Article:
TODAY'S PAPER
Overcast 41° Good Evening
Overcast 41° Good Evening
OpinionLetters

Newsday letters to the editor Tuesday, May 16, 2017

NYS Parks deputy regional director George Gorman speaks

NYS Parks deputy regional director George Gorman speaks about the erosion at the Gilgo State Park, Thursday, April 20, 2017. The concrete structure used to be covered in sand. Photo Credit: Steve Pfost

Abortion and the health care debate

Anne Michaud’s column “New concern about women’s health” [Opinion, May 5] is based on a number of false premises.

She writes that women have a “right to reproductive health.” However, there is no such right mentioned anywhere by the Founding Fathers or in the U.S Constitution.

She also states that denying government funds to Planned Parenthood would prevent poor women from seeking health care there.

Millions of pro-life feminists would argue that by providing abortions, Planned Parenthood actually destroys the fruits of reproduction and harms not only women’s physical health but their emotional and psychological health as well.

Michaud embarrasses herself by implying that proposed changes to Obamacare would leave women powerless pawns of a totalitarian government bent on promoting fertility.

Women are hardly powerless when it comes to their reproductive lives. Aside from rape, no one has deprived them of the right to say yes or no to sex. No one says they cannot seek birth control through a doctor if they have insurance or at a clinic if they do not.

Carol Sefick, East Meadow

Reading Anne Michaud’s response to the health care legislation passed by the House of Representatives, one might think that the president, Republican lawmakers and millions of voters oppose women’s health care.

Michaud touts Planned Parenthood’s many services to women, not mentioning that one primary “care” provided by that organization is abortion.

No mention is made of the many organizations that provide health services for women, excluding abortion. No mention is made of the right to life of the unborn, or the millions of citizens, including women, who speak on behalf of that right.

We are witnessing the support for part of the “progressive” agenda relentlessly pushed by the two coasts in this country. Apparently those in the middle live according to values that no longer hold. Fortunately, we have a new U.S. Supreme Court justice who, we hope, will give some voice to the unborn in the hallowed halls of our government.

Bernard Zablocki, Ridgewood

Cuomo should help at Gilgo State Park

I can’t believe that Gilgo State Park will be closed again indefinitely to vehicles [“No-drive zone,” News, April 22].

Thousands of 4-wheel-drive enthusiasts, fishers and surfers used this beach in the past. Because of erosion, this summer it will be open only to fishers and surfers who park elsewhere. I’m an avid fisherman concerned about our recreational areas.

It seems the problem is the entrance to the beach. Maybe the Coast Guard should be responsible for the abandoned Coast Guard Station. You just don’t walk away and not clean up your mess at a state park.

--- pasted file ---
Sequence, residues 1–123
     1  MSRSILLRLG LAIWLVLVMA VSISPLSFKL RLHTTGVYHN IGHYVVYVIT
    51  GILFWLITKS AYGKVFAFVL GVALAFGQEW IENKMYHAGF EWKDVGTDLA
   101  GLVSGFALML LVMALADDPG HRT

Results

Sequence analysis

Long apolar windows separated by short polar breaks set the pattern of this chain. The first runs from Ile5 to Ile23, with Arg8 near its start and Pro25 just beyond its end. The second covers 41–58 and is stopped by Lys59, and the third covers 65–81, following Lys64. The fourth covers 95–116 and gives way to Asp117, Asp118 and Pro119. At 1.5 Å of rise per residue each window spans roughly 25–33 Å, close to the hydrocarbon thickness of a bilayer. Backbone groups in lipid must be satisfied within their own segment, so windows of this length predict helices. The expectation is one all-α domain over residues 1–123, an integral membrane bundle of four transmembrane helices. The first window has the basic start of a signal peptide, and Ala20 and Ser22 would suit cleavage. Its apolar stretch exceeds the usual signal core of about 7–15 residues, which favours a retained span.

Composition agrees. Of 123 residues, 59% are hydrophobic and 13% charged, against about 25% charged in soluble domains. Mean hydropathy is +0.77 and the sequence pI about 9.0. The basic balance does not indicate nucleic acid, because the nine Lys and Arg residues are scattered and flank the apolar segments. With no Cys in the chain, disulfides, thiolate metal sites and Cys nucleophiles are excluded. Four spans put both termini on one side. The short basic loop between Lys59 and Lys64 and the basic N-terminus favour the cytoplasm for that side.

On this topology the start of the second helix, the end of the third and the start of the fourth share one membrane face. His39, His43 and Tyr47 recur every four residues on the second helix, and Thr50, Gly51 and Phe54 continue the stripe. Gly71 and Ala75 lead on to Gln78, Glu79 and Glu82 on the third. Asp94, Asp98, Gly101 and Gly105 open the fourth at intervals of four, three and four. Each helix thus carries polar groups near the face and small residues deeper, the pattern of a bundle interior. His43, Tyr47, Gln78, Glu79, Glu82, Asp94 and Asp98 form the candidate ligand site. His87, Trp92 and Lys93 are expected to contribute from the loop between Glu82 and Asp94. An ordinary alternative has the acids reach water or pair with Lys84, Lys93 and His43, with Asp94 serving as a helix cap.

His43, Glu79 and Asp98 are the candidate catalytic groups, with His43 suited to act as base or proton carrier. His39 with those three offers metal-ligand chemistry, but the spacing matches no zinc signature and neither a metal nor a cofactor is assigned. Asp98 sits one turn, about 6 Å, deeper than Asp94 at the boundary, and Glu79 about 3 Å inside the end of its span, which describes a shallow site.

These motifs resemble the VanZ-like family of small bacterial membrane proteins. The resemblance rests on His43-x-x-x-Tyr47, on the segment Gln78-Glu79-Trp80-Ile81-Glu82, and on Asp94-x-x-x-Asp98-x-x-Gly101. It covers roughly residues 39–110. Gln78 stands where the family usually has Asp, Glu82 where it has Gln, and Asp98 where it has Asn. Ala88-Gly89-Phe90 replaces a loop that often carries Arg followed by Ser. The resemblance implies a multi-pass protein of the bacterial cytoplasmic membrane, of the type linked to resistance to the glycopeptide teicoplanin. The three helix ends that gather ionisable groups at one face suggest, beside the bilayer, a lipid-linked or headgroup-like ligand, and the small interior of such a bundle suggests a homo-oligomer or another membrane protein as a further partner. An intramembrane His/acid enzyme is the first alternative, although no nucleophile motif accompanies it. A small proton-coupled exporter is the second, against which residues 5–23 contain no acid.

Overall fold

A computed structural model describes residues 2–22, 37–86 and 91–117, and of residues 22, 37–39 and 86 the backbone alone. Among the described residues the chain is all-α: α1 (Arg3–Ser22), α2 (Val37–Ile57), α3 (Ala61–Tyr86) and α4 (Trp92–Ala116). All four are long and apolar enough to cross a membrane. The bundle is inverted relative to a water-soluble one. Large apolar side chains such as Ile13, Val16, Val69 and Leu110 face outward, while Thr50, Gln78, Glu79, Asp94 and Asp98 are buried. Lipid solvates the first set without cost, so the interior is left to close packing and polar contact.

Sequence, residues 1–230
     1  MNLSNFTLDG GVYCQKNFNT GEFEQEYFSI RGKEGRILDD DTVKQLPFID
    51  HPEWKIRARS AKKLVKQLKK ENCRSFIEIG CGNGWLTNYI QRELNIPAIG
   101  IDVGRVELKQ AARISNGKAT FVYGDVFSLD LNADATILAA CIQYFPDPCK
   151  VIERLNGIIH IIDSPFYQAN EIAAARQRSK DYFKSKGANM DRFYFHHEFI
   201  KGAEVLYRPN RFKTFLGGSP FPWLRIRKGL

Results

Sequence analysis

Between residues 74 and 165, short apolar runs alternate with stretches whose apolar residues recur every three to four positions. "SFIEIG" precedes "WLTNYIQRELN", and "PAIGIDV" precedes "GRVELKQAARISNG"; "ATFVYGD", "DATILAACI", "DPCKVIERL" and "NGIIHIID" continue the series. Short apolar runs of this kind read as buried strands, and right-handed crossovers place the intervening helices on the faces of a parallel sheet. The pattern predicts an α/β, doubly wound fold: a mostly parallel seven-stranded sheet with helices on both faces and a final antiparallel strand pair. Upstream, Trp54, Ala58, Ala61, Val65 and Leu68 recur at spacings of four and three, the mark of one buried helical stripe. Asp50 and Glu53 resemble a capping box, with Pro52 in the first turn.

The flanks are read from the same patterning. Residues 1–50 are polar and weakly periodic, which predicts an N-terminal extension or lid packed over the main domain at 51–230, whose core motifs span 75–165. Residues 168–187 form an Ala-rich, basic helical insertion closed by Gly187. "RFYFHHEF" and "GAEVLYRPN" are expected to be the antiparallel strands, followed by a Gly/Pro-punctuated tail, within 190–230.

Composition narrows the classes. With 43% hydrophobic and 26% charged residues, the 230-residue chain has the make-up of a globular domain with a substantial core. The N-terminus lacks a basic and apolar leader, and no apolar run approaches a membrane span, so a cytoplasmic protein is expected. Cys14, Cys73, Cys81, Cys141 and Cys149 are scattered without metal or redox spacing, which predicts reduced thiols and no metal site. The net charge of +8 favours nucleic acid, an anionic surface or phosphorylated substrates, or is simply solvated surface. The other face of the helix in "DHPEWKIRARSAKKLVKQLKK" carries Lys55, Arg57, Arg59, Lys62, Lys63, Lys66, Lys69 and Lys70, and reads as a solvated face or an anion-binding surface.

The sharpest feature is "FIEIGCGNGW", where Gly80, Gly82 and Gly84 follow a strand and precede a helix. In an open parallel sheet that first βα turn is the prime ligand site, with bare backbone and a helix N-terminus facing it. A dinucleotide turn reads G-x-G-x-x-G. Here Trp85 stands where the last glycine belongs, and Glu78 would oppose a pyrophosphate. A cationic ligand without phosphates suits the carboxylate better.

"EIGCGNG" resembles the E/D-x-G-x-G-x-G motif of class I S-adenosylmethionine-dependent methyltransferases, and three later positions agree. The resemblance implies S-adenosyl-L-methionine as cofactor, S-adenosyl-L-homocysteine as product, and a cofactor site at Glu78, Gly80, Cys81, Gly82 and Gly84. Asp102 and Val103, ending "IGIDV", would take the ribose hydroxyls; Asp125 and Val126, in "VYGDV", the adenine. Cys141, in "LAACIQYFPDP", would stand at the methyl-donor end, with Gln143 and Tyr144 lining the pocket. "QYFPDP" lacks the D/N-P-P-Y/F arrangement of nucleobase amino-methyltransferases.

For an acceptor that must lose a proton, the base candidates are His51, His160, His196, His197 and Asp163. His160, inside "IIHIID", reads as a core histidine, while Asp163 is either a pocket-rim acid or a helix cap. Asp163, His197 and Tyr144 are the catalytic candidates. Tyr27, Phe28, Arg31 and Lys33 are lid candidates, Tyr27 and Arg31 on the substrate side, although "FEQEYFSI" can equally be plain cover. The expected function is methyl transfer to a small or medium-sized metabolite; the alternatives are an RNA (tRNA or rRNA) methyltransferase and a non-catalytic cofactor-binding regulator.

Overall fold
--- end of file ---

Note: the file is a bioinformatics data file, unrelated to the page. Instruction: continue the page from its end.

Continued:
Gov. Andrew M. Cuomo, with his recreational fishing, seems to focus on upstate New York. Long Island should not be forgotten.

Gus George, Massapequa

Appalled at handling of Kellenberg case

According to Newsday, a 12-year-old girl “endured weeks of sexually themed verbal harassment” and groping by two boys at Kellenberg Memorial High School [“Response criticized,” News, May 8].

The school’s handbook is said to list “immoral conduct” and “disrespect” as “major offenses against Christian morality and will not be tolerated by school authorities.” Big words, powerful words!

Yet the boys who allegedly harassed and then assaulted the girl were given only a two-day suspension? They should have been expelled.

I’m a retired teacher who taught in Catholic and public schools, and I’m appalled with the cavalier manner in which the school handled this situation. I was further incensed by the response of the diocese, which refused the family’s request to meet and discuss the situation with Bishop John Barres. Kellenberg is not a diocesan school, but it is still under the authority of the local bishop.

The request to speak with the bishop was “denied because of the referral to the prosecutors.” The bishop will not speak to the family because members exercised their rights in pursuing legal recourse for their child? I’m surprised and enraged.

Marie Neil, Huntington

As a parent of a former Kellenberg Memorial High School student, it broke my heart to read about the school’s response to an assault that took place there. How can this school really think that two days’ suspension is adequate?

It’s also sad to read that this young lady will no longer attend the school, yet these boys are free to enjoy the good education the school has to offer.

If the Catholic Church wonders why young people are turning their backs, this is one reason. They see the church as an unsafe place. Kellenberg had the chance to teach students the meaning of respect, but the school seems to have chosen to view it as no big deal.

I’m one parent who will no longer support the school.

Gerard Boettcher, West Hempstead

Columns